Lloyd Shapley is a mathematical theorist, which means his work isn’t easily conveyed in user-friendly soundbites. It has nevertheless had a strong influence on a number of practical issues, many of them evident in Al Roth’s work. What follows is what I learned from my colleague Ignacio Esponda. (If you’ve seen Broadcast News, you’ll imagine him thinking to himself: “I say it here, and it comes out there.”)
The prevailing framework of economics has been supply and demand, in which people interact in markets. Over the last few decades that’s been superseded, in many applications, by game theory, in which people interact in more general settings governed by a set of more or less arbitrary rules that we refer to as a game. That leads to some basic questions: What are the likely outcomes of a given set of rules? What rules lead to the best outcomes? What kinds of rules produce the same outcomes as supply and demand? What happens if groups of people can block outcomes they don’t like?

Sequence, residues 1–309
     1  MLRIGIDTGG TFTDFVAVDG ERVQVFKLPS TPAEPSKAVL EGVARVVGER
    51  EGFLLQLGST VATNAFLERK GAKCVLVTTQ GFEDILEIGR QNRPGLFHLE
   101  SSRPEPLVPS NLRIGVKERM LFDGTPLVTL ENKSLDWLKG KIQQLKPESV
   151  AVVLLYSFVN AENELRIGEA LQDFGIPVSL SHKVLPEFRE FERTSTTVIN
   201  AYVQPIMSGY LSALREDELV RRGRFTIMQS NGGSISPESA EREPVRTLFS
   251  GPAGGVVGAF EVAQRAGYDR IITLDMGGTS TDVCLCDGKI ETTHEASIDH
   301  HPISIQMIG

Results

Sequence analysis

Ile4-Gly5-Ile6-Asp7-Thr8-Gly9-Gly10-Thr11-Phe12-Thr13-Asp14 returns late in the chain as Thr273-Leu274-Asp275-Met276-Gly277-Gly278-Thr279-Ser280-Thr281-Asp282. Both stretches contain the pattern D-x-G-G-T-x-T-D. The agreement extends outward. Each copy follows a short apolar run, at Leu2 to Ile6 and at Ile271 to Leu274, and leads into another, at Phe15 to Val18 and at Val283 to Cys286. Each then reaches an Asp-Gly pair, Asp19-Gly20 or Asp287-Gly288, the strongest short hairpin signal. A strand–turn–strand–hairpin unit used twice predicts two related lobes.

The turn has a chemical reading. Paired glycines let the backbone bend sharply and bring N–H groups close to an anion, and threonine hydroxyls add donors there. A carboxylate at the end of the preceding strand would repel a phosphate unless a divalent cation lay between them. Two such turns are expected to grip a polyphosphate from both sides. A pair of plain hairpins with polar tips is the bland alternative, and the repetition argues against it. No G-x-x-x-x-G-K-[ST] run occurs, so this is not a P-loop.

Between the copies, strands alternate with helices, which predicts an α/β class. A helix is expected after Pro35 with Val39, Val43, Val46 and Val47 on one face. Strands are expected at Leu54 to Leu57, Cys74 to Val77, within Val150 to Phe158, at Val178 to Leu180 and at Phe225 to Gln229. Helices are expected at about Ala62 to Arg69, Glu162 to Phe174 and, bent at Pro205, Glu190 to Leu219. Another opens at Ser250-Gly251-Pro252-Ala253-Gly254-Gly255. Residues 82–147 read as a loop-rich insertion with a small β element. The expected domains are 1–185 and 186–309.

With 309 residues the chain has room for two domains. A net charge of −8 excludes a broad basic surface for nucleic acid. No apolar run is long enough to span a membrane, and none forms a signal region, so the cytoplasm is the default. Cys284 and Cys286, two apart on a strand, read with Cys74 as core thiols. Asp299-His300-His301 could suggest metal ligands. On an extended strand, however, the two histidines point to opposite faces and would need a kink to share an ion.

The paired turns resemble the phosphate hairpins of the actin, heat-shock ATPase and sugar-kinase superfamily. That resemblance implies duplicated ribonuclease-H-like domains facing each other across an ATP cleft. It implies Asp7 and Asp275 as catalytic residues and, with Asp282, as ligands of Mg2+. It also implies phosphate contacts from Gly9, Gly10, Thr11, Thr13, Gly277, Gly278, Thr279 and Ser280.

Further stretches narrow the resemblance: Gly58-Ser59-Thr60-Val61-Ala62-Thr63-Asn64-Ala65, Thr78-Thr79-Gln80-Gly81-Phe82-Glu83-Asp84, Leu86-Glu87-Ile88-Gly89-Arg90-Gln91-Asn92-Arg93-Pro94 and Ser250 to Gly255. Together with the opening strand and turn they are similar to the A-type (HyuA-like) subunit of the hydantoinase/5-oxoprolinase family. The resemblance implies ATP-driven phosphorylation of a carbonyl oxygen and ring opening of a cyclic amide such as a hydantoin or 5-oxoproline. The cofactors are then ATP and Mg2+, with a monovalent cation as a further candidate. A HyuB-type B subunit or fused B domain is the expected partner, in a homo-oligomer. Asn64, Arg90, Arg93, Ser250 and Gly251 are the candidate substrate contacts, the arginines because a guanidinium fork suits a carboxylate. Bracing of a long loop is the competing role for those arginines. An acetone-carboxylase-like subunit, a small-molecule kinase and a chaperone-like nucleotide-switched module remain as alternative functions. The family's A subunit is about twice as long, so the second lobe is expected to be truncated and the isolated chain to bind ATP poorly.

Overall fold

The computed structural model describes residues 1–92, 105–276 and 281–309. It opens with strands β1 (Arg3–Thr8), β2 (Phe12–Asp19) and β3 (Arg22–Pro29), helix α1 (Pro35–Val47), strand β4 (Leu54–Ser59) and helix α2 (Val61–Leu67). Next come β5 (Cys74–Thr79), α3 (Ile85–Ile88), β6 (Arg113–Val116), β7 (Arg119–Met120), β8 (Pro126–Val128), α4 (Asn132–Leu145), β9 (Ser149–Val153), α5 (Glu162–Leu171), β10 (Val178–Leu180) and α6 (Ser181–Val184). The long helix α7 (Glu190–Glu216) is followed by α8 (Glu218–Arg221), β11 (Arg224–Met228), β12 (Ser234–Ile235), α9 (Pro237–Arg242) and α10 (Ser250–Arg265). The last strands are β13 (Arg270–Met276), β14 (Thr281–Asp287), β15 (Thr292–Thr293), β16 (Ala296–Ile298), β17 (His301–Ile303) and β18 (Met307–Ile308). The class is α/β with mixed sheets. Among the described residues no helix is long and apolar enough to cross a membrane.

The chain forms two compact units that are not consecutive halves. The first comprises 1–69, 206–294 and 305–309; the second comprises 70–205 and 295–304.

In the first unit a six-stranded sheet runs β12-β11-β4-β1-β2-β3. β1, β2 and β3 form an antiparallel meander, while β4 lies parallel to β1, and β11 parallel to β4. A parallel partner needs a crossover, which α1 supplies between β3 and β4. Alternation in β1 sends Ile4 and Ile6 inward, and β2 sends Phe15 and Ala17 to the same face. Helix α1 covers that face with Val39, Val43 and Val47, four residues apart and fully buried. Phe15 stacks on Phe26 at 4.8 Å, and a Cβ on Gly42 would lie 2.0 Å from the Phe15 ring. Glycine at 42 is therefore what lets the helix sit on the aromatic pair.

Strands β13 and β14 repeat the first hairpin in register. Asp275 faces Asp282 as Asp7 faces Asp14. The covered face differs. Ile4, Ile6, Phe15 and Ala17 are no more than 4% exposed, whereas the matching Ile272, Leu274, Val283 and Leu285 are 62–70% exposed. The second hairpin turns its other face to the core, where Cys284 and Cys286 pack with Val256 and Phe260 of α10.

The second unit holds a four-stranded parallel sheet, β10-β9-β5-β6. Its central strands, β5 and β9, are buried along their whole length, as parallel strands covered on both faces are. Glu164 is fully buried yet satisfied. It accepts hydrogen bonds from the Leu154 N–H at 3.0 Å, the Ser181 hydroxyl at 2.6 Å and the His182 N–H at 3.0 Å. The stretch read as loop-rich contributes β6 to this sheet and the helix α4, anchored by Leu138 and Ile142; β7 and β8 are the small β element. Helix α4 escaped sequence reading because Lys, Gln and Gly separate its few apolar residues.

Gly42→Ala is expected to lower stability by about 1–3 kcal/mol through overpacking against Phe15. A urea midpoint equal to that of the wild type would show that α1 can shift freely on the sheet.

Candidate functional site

Lloyd Shapley has been making fundamental contributions to game theory since the 1950s. The American Economic Association describes his work here. The work described in the Nobel Prize announcement concerns matching games: games in which we match one group of people with another. You might think of school choice (matching schools and students), organ transplants (donors and recipients), medical residents (jobs and applicants), and maybe even marriage. For a variety of reasons we don’t usually solve these problems with markets, but we can look at the pros and cons of other mechanisms. Shapley’s work with David Gale laid the foundations for theoretical work on these matching games and made possible the growing body of applied work we now call market design.